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New Training Manual for Marine Turtle Conservation


The Network of Marine Protected Areas of West Africa (RAMPAO) has developed in collaboration with the Association Chelonee, the “Training manual for the conservation of marine turtles in West Africa”. The manual, inspired by conservation success stories and indigenous knowledge, aimed at MPA managers and conservation stakeholder, fills important gaps in marine turtle conservation, which were previously identified by the members of the RAMPAO network. 

Illustration: Carole Pillore

This beautifully illustrated manual doesn’t leave any stones unturned when it comes to marine turtles. After providing a description of the 6 species of marine turtles that are found in the areas covered by the RAMPAO network, it delves into the habitats, diets and life cycle of each of the species. In addition, aimed at empowering marine turtle practitioners and facilitating the effective protection of these key species, the manual provides instructions for monitoring every life stage of such species, from nesting female counts, to setting up a hatchery and determining the hatcheries incubation success rate. The manual also tackles the main threats faced by marine turtles, mainly in the form of entanglement in fishing gear, as nets and seines as well, longlines and industrial trawlers are all methods used in and around the MPAs.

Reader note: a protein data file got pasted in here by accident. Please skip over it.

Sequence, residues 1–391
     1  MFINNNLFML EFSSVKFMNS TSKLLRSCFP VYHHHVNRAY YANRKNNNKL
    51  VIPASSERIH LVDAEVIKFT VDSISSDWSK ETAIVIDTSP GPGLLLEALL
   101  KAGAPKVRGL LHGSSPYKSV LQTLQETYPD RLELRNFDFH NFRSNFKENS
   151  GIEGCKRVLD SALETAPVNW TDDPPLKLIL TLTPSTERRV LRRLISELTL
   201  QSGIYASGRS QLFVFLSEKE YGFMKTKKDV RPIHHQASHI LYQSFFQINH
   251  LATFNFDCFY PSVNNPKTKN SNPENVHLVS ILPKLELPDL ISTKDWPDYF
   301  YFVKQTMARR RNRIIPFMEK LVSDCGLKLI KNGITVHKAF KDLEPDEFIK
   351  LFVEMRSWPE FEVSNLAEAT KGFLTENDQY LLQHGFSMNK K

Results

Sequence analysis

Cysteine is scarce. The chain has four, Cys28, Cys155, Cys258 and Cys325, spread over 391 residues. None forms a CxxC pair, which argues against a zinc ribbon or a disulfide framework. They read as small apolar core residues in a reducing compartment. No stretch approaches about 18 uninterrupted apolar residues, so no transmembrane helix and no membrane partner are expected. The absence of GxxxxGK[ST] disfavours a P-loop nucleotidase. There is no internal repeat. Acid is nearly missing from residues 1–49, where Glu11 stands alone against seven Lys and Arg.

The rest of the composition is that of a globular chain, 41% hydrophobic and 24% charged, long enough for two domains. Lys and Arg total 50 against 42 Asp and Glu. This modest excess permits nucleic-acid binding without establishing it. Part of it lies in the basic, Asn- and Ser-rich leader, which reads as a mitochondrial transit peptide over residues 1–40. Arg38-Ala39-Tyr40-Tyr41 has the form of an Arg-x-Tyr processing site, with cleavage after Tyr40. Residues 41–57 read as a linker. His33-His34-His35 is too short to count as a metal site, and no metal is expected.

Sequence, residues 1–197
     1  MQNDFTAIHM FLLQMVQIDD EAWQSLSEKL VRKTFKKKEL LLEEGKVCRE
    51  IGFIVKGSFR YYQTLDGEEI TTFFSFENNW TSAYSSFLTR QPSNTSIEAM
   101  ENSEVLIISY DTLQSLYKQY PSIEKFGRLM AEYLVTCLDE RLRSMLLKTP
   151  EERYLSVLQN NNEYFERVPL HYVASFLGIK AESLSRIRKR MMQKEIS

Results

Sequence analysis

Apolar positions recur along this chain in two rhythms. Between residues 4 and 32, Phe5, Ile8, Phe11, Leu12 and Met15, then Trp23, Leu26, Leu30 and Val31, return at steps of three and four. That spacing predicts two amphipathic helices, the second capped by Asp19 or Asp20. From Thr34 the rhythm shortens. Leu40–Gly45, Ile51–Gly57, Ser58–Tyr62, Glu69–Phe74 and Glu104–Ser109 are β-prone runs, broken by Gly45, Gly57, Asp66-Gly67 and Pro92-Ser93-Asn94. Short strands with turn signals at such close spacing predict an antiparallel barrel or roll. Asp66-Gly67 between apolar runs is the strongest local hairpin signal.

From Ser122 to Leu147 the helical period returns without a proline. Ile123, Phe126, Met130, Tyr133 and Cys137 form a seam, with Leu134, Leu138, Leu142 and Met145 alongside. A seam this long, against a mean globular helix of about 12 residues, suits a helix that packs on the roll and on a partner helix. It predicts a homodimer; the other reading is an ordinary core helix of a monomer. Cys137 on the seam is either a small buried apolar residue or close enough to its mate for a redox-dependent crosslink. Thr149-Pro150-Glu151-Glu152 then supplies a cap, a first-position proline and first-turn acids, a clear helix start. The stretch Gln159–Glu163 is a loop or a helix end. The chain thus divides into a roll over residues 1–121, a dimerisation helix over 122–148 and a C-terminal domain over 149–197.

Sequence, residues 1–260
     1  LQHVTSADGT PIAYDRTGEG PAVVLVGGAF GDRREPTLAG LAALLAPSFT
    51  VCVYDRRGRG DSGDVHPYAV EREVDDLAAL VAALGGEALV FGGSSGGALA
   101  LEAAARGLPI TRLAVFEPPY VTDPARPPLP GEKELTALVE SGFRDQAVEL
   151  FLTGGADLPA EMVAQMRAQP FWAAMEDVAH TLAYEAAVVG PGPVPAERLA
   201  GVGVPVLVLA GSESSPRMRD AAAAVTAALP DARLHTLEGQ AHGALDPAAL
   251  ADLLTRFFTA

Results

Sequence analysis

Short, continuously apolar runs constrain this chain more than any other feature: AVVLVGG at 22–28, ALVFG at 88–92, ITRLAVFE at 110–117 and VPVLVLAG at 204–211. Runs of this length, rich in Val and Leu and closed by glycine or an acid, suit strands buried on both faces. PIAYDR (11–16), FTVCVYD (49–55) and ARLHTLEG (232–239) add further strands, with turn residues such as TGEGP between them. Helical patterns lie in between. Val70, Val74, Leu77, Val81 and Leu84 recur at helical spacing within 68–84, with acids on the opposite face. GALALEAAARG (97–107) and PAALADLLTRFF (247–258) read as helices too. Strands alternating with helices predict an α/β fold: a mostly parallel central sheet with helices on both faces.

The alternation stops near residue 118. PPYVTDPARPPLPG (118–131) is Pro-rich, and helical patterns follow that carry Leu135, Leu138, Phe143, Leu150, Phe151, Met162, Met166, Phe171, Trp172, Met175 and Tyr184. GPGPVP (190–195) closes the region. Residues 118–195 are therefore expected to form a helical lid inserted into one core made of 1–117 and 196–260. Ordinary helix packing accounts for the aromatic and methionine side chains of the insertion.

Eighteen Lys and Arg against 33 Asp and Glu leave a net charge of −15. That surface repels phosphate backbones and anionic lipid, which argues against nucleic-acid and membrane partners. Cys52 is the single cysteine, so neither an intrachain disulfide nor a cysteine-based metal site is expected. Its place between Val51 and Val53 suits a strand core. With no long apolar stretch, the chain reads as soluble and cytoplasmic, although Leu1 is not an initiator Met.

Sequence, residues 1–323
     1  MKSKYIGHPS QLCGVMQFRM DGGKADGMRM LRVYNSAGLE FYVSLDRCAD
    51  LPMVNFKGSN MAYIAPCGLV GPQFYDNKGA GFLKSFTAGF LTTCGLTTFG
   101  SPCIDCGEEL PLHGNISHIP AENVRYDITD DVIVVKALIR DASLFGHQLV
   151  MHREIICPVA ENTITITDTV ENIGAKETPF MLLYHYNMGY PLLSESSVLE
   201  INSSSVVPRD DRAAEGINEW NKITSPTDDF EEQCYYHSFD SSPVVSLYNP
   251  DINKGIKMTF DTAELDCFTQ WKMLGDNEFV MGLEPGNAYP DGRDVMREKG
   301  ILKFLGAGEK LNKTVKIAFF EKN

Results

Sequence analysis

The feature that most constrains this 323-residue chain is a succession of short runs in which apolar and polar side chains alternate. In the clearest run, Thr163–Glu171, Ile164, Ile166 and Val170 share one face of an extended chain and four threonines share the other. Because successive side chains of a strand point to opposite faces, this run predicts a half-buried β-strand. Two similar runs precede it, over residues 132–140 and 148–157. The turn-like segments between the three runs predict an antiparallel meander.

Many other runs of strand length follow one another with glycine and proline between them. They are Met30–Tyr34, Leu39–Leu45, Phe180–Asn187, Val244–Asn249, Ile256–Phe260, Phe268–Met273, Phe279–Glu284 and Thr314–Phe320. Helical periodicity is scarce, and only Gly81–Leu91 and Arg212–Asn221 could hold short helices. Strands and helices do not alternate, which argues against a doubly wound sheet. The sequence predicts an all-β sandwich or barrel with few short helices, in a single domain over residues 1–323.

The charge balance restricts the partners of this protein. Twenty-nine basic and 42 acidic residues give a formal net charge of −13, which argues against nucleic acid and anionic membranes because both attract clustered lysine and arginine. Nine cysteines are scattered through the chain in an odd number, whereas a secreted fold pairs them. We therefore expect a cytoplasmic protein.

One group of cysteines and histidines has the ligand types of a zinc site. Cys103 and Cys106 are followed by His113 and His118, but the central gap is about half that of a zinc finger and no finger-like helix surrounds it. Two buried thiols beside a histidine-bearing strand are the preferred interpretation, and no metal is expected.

Photo: Ocean Image Bank

In an effort to raise awareness on the value of protecting and conserving sea turtles, and to contribute to the decrease in the practice of subsistence hunting of sea turtles (for their meat, carapace, and eggs) by providing an alternative livelihood,  RAMPAO, through this manual, provides detailed information on how to develop ecotourism micro-project. All the proposed initiatives, which include guided walks to spot nesting turtles, visitor centers and turtle snorkels, are all developed through a bottom-up approach, with the local community at its heart. This process creates awareness and stewardship of the crucial need for sea turtle conservation, while also bringing important socio-economic benefits to the local communities. 

Echoing the cooperative nature of the RAMPAO network, and to facilitate the sharing of knowledge and data, the appendix of this manual brings together all the data collection forms, thus creating a standardised method to record marine turtle data in West Africa, an important first step in creating a crucial sea turtle data bank for the region. 


Source: RAMPAO 

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